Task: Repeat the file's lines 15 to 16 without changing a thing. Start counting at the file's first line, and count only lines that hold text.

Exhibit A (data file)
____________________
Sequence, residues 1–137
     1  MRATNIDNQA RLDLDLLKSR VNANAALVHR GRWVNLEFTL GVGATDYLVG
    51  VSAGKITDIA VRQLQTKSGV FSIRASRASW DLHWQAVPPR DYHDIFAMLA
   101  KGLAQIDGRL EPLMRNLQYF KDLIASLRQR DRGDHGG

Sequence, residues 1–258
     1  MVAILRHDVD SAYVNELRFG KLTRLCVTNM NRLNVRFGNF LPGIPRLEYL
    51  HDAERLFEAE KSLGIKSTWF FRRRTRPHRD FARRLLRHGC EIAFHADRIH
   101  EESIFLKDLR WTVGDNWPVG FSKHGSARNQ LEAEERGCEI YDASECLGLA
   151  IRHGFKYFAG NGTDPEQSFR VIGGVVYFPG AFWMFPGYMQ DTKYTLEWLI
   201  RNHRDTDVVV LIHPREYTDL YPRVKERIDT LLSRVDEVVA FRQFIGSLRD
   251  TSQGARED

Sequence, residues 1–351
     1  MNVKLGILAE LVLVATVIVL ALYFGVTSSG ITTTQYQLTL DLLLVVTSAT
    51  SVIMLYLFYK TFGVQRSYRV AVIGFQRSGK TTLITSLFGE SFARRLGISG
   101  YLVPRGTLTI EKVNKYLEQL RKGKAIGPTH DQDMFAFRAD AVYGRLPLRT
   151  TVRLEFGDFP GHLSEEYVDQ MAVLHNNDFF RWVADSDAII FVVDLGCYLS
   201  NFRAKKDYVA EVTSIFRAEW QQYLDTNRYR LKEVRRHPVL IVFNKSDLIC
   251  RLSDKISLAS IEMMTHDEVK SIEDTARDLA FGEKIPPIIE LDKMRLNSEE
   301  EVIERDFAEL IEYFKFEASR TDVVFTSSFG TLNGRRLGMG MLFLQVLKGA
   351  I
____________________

   101  YLVPRGTLTI EKVNKYLEQL RKGKAIGPTH DQDMFAFRAD AVYGRLPLRT
   151  TVRLEFGDFP GHLSEEYVDQ MAVLHNNDFF RWVADSDAII FVVDLGCYLS